Woes Set to Worsen for Windows XP Users

/ 4 years ago

Woes Set to Worsen for Windows XP Users

Windows XP, Microsoft’s 15-year-old operating system, fell victim to massive ransomware attack during the last week. Services across Europe were hit, including the UK’s National Health Service (NHS), which shut down hospitals and clinics around the country. The outdated XP, which Microsoft ended its support for in 2014, is still a prominent operating system across the globe. According to NetMarketShare, XP still has a 9.11% market share, which makes it the third-most-popular OS in the world.

Woes Set to Worsen for Windows XP Users 1

Microsoft issued an emergency Windows XP patch to protect against the WannaCry ransomware, but industry analysts warn that this attack is just the start. If you’re still using XP on an Internet-connected machine, the risks are about to get worse.

Vista is Partly to Blame

When Windows XP was released in 2001, it was considered the first stable version of Microsoft’s operating system. The OS became a key component of internal business IT networks and synonymous with home PCs.

“It was one of the first Microsoft operating systems people latched onto,” Peter Tsai, IT analyst at Spiceworks, told Wired.

Microsoft released a successor to XP, Windows Vista, in 2007. Microsoft expected Vista to build on the success of XP, but the software was a failure. Performance and compatibility issues meant that users became reluctant to upgrade and new users opted for the OS that worked. Businesses that did upgrade to Vista lived to regret it. Their hands burnt, many reverted back to XP and stuck with it, some until the present day. It became cheaper and less, in theory, to stick with the system that worked. Vista’s broken legacy is still in effect.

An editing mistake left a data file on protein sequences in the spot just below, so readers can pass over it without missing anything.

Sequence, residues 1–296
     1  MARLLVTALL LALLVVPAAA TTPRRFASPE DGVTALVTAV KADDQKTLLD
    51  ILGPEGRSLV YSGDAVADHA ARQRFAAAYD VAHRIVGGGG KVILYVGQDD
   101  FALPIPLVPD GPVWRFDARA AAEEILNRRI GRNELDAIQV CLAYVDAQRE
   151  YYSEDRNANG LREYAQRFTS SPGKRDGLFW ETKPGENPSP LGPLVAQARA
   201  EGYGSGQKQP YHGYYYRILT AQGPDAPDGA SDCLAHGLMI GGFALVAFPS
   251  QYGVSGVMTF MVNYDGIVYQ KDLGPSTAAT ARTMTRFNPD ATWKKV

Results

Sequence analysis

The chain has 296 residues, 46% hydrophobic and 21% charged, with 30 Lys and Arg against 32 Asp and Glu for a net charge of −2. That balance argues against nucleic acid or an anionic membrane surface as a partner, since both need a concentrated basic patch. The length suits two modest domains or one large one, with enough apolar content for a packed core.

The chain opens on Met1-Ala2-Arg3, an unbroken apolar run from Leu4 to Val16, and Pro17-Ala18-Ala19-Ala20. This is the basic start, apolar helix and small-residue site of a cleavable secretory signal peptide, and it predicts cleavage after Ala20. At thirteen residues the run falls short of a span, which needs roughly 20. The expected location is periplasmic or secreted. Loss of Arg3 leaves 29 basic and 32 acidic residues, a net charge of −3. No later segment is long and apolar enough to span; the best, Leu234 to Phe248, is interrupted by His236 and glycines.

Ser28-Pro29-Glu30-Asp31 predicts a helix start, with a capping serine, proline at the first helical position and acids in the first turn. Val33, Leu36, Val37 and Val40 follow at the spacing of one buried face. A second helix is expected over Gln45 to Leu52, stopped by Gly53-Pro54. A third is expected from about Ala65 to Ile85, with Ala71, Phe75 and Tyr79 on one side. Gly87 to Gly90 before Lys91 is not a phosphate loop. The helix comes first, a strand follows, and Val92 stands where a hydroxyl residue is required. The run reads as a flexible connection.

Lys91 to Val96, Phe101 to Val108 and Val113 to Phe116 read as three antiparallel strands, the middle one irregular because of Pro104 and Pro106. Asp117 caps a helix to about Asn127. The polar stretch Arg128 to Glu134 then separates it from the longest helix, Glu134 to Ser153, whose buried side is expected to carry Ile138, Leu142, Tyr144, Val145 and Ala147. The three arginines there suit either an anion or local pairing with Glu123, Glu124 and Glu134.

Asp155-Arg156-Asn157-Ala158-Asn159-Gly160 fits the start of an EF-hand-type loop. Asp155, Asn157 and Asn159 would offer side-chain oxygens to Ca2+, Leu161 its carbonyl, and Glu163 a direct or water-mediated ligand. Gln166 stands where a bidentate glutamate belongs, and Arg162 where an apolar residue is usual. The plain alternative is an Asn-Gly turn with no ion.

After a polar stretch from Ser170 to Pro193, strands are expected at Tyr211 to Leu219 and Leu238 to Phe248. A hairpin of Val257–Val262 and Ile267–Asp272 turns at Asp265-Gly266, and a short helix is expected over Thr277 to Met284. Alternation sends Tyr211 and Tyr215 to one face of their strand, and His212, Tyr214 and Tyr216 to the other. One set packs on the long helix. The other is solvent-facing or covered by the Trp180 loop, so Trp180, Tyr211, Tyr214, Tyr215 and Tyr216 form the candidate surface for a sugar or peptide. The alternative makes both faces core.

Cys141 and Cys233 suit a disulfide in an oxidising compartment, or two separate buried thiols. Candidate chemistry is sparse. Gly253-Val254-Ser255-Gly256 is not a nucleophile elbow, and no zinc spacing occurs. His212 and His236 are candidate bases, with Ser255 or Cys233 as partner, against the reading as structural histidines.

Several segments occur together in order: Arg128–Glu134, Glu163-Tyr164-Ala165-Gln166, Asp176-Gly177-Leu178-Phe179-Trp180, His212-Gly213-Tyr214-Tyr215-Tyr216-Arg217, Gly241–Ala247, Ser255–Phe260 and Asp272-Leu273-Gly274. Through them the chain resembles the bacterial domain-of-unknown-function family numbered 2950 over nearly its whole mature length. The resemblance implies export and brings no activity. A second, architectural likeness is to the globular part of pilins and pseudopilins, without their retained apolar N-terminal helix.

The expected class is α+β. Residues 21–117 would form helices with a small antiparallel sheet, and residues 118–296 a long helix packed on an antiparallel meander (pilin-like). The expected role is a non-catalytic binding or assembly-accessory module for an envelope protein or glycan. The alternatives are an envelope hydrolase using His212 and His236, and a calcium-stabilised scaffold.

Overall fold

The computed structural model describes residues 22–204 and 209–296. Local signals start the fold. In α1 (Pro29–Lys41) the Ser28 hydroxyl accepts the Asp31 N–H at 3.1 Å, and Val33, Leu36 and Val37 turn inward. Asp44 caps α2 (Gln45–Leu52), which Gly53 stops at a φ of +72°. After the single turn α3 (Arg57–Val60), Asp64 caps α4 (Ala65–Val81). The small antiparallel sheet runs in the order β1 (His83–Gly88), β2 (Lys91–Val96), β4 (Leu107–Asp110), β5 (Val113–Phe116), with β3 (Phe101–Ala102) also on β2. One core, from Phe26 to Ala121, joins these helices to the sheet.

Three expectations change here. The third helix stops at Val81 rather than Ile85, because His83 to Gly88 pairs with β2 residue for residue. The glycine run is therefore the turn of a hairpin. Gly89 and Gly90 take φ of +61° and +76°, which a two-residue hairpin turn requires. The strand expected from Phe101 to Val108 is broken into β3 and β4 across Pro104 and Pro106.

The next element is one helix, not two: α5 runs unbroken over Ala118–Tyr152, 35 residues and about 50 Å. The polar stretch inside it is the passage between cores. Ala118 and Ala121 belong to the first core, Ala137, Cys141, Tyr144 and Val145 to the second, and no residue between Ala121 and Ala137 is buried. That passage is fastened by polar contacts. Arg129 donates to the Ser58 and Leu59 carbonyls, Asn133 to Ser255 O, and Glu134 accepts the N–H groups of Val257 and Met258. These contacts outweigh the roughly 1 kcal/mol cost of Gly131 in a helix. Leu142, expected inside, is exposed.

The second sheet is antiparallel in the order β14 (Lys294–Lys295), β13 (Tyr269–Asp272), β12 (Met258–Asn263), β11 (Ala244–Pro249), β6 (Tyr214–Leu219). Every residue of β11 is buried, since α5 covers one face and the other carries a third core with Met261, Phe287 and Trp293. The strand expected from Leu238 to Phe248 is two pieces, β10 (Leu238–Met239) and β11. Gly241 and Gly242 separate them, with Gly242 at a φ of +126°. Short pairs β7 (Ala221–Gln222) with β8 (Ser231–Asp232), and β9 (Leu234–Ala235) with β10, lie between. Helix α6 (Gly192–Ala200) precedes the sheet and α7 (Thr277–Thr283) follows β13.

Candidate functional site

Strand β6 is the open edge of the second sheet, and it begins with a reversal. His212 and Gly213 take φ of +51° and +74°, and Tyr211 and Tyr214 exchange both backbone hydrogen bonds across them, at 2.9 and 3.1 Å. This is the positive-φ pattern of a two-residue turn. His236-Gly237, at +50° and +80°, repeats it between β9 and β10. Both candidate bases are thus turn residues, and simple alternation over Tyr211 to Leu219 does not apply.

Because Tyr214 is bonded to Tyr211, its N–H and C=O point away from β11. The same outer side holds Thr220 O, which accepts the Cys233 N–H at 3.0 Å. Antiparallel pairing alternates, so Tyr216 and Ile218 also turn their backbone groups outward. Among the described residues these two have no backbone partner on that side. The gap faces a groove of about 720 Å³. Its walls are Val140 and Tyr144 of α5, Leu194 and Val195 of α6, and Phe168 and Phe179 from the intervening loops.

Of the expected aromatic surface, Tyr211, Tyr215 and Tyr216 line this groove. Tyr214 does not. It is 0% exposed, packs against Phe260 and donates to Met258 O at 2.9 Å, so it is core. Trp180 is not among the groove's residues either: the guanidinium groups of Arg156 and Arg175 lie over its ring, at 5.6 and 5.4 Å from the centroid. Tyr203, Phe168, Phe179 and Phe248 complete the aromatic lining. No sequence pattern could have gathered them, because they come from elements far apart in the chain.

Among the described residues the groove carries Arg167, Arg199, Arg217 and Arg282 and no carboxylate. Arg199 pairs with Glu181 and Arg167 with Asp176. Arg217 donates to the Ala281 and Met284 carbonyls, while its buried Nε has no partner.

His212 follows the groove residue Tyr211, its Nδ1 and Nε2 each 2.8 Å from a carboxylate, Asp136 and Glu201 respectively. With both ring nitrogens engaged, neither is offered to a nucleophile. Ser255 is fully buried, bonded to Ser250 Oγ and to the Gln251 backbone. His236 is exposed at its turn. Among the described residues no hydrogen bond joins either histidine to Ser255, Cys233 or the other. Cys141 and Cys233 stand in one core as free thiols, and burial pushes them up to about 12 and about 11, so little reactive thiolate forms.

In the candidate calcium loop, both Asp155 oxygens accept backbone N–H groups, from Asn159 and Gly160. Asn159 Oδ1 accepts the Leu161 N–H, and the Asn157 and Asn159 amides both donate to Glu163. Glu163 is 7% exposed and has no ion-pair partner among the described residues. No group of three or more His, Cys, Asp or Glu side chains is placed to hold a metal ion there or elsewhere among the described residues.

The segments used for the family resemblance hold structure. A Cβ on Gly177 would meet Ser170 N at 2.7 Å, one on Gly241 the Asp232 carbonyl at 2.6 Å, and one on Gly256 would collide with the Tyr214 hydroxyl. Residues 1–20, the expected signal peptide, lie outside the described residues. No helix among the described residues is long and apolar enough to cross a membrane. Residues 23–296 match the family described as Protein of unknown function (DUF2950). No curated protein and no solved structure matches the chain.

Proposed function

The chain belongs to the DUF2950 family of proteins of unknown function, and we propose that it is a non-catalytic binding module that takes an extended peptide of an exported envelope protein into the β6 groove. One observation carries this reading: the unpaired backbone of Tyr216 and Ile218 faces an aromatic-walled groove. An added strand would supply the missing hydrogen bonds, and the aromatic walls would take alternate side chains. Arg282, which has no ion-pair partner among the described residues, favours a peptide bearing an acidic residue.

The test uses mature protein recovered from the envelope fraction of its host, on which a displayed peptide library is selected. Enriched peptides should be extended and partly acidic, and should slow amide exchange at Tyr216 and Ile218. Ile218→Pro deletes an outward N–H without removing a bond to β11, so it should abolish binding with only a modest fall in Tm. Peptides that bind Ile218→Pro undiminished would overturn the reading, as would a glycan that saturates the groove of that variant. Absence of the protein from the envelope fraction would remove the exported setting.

“A lot of smaller companies subscribe to the theory, probably wrongly now, that if it’s not broken then don’t fix it,” Tsai explained. “Especially companies that aren’t prioritising IT.”

What Can XP Users Expect Next?

The WannaCry ransomware was born out of the NSA hacking tools leaked by the Shadow Brokers last year. WannaCry is just the first. Expect more, and expect them soon. Microsoft has patched one vulnerability, but there are countless more ripe for exploitation. If the Redmond company responds to them all, it could find itself in a desperate game of Whac-a-Mole. Just because Microsoft patched XP this time, though, doesn’t mean it will again.

“It can give users a false sense of security and does not motivate them to upgrade to systems whose security architecture is superior and can be improved on,” Jérôme Segura, lead malware intelligence analyst at Malwarebytes, warned.

Even WannaCry itself is evolving:

If you can, ditch Windows XP now. Just over that hill, there’s a storm brewing.

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